Pereni has grown his operation to six people, three of whom are full-time programmers and the rest of whom work on taking care of business details or research. It is not an issue for Pereni and his team to be in a different time zone as the American companies with whom they work. He said, "One condition to enter the team is to be really passionate about programming software. We are here all day and sometimes all night long."

Although Pereni and his team do not have perfect English grammar, he noted, "We manage to get our ideas through so that we can communicate." It helps that most of the communication is done through the Internet and E-mail.

Growing the software colony with Ants
At, about 40% of its 67,000 developers work outside the U.S. Rick Davis, President and CEO of that company explained, "It does not matter if you are in the same room or the same country, defining a good RFP is the key to success." uses a rating system similar to eBay's, which allows companies and programmers to rate each other's performance in delivering code and compensation in a timely manner.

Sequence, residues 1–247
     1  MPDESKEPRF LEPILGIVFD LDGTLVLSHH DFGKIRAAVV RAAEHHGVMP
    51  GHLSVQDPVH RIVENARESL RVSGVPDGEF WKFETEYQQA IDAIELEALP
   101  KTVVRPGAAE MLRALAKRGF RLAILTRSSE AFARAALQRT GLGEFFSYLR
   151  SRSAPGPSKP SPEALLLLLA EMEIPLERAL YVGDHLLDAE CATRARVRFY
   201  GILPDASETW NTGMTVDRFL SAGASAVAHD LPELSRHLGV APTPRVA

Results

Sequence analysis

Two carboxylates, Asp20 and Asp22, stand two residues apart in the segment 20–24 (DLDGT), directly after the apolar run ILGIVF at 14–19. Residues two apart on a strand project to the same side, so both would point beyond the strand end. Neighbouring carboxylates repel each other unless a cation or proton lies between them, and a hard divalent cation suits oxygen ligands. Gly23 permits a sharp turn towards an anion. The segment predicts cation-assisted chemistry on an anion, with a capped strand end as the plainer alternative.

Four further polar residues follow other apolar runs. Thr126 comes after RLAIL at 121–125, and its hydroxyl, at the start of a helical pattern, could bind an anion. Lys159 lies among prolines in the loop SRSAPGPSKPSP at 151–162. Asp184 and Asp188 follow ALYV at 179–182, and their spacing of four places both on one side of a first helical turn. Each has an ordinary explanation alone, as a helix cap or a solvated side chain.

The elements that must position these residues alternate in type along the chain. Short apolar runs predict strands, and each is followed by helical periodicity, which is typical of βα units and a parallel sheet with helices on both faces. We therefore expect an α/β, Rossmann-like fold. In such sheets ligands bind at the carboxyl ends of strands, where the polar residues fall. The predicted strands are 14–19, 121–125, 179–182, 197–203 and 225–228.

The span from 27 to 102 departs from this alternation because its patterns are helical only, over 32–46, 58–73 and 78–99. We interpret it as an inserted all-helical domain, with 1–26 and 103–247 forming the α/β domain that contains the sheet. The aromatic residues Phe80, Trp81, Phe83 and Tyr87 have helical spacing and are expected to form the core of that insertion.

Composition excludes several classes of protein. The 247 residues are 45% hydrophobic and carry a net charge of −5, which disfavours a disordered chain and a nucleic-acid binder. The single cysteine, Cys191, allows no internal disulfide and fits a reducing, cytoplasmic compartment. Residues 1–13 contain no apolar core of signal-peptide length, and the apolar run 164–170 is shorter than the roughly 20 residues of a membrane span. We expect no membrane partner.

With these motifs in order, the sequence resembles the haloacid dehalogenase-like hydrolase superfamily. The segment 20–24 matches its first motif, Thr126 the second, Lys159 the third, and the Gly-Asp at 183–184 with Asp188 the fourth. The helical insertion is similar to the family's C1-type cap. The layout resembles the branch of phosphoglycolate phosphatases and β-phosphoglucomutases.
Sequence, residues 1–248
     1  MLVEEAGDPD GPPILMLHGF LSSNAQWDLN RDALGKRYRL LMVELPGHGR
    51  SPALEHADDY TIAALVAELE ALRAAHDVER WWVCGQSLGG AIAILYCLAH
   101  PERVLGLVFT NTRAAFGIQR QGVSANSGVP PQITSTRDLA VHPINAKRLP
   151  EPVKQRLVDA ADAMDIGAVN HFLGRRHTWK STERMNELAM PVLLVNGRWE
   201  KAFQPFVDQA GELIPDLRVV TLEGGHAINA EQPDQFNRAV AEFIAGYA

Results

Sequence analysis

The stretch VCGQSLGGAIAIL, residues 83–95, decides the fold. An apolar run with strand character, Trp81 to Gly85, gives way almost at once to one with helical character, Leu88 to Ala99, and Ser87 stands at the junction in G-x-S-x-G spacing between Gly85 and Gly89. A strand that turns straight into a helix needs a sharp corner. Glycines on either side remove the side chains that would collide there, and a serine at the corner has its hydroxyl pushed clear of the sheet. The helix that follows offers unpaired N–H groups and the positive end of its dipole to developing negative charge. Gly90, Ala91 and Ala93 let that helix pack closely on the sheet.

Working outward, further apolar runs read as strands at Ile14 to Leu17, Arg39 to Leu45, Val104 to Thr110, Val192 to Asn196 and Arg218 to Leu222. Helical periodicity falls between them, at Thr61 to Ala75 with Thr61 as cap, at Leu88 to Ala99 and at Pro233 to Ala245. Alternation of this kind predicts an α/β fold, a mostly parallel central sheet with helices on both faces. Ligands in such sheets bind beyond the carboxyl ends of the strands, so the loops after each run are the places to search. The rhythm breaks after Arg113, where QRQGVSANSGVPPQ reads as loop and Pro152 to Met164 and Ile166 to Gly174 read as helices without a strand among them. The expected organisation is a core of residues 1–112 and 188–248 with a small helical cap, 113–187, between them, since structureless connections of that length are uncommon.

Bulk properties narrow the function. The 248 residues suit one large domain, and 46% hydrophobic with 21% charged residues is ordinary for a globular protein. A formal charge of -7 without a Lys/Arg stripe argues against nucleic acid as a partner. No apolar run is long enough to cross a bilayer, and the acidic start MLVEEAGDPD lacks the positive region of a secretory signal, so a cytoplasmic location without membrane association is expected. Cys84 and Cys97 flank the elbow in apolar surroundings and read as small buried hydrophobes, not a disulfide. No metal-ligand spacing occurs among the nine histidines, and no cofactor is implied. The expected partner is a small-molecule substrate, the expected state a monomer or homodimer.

One of the potential problems with's current marketplace is that it tends to be more active than CollabNet's; some RFPs get as many as 40 different responses. This can be frustrating for both sides, because developers have only a slim chance that their proposals will pay off, and the companies must wade through a deluge of proposals. plans to charge a small amount, such as $1 to $10, in the future to submit a bid to discourage bidders who are not really interested. Davis said, "The buyer wants three to five great bids; they don't want 50."